Featured STACKlete: Brandon Petty

High school football star Brandon Petty is working hard to realize his dream of playing at the Division I level in college.

Playing sports in college is difficult. Playing for a Division I program is even harder. Playing for the cream of the crop—like the Florida Gators—is, for most athletes, just a dream. Brandon Petty, a 6-foot-4 lineman out of the Sunshine State, is working to make that dream a reality. He's drawn interest from a few D-I programs, and he's working extra hard in hopes that his senior season will catapult him to the upper echelon of college football. We talked with Brandon about his training and nutrition habits, and what he's doing to maximize his recruiting potential.

STACK: What was your training like this summer, before football practice started?
PETTY: My team has a summer training camp from 9 a.m. until 1 p.m., Monday through Thursday. We did 90 minutes in the weight room in the morning. Then we headed into the wrestling room to do things like Fireman's Carries and four-on-four wrestling. The rest of the time, we watched film and did conditioning or position work.

Brandon Petty

Brandon Petty

Are you doing anything else?
I work out at home after practice. Whatever we did that day, I hit the same muscle group for 45 minutes at home. Some nights, I go for a mile or two-mile run to improve my conditioning. On Sundays, I do footwork drills with a buddy of mine.

That's a lot of activity. What's your diet look like?
I tend to eat 5,000 to 6,000 calories each day. Breakfast is a big glass of milk, some scrambled eggs, toast and a few packets of oatmeal. At lunch I do two PB&J's, a protein shake, and some fruit. I eat one or two more peanut butter and jelly sandwiches around 3:30 p.m. Then, I eat two plates of whatever we have for dinner. That puts me at about 4,800 calories. After my [evening snack], I'm between 5,000 and 6,000 calories. That's my diet most days.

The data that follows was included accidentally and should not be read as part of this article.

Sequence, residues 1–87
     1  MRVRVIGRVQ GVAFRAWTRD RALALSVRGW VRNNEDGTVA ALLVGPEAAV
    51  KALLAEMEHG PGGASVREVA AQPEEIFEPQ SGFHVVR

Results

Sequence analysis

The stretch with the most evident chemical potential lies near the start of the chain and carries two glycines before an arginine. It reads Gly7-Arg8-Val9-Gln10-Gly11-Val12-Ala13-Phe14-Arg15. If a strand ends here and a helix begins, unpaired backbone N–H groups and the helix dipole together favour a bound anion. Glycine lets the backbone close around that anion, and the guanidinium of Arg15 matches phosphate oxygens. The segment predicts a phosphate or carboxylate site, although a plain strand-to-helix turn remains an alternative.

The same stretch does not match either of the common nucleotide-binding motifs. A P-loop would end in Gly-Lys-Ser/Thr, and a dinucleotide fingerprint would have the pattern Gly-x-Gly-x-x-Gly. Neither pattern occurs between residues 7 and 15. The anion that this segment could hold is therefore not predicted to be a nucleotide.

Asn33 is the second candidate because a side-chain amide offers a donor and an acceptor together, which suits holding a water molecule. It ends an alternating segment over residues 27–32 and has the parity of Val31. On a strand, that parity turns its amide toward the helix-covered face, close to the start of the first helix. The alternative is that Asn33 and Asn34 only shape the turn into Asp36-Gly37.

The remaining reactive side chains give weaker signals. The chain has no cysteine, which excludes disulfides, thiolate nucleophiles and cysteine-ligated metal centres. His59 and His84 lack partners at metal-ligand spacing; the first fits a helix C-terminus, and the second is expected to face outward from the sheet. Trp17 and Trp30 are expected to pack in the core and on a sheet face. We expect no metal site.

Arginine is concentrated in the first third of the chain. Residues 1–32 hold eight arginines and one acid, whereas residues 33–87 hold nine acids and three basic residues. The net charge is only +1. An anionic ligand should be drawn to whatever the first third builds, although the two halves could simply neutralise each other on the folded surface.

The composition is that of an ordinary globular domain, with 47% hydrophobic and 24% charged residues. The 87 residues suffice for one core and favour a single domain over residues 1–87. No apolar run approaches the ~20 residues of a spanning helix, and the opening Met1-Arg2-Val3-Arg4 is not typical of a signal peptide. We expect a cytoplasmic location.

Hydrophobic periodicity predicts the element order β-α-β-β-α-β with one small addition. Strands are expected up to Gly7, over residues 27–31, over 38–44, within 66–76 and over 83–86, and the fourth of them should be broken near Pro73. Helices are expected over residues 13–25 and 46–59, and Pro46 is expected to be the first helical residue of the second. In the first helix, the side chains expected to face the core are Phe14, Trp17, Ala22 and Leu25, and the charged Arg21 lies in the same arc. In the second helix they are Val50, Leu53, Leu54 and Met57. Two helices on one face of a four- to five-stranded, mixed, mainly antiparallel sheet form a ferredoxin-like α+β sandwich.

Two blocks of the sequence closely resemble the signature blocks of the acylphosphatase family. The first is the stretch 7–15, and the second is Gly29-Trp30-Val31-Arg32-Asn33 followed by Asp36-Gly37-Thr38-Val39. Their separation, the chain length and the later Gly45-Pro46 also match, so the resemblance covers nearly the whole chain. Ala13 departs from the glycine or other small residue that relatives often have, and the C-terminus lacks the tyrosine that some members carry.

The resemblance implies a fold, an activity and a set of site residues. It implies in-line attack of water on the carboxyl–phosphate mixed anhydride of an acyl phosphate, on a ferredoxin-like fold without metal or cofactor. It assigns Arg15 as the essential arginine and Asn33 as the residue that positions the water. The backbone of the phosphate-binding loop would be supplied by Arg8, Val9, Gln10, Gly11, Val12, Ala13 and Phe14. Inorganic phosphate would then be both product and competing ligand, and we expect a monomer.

You're putting in a lot of effort. How has it paid off in recruiting?
I've had a chance to get recruited by a few schools. The first school that sent a letter was Stetson University in DeLand, Florida. I've also gotten [interest] from Tulane and Florida International. I went to the FIU camp and felt like I did really well, and that I stood out to some of those coaches. It wasn't just FIU, either: we had Georgia Southern, Mercer University, Florida Atlantic, and others.

What goals have you set for your senior season?
Academically, I want to get a 3.5 or higher. The team goal for this year is to make the playoffs, and we want to get to a state championship. As far as individual goals, I want to lead the team in sacks, with eight or more. I'd also like to have over 80 tackles. If I do those things, it'll put my name in front of the bigger schools. It'll say, "this guy can make plays, and he can play for us."

Learn and Apply: Do The Legwork

If you want to get a head start on the recruiting process, you can't wait for college coaches to reach out to you. You need to get in touch with them. "I filled out a bunch of recruiting questionnaires my freshman and sophomore years," Petty said. "It let the coaches know that I'm interested in their programs, and it put my name in their database. If they ever had interest in me, they could look me up and contact me—they have all my information right there."


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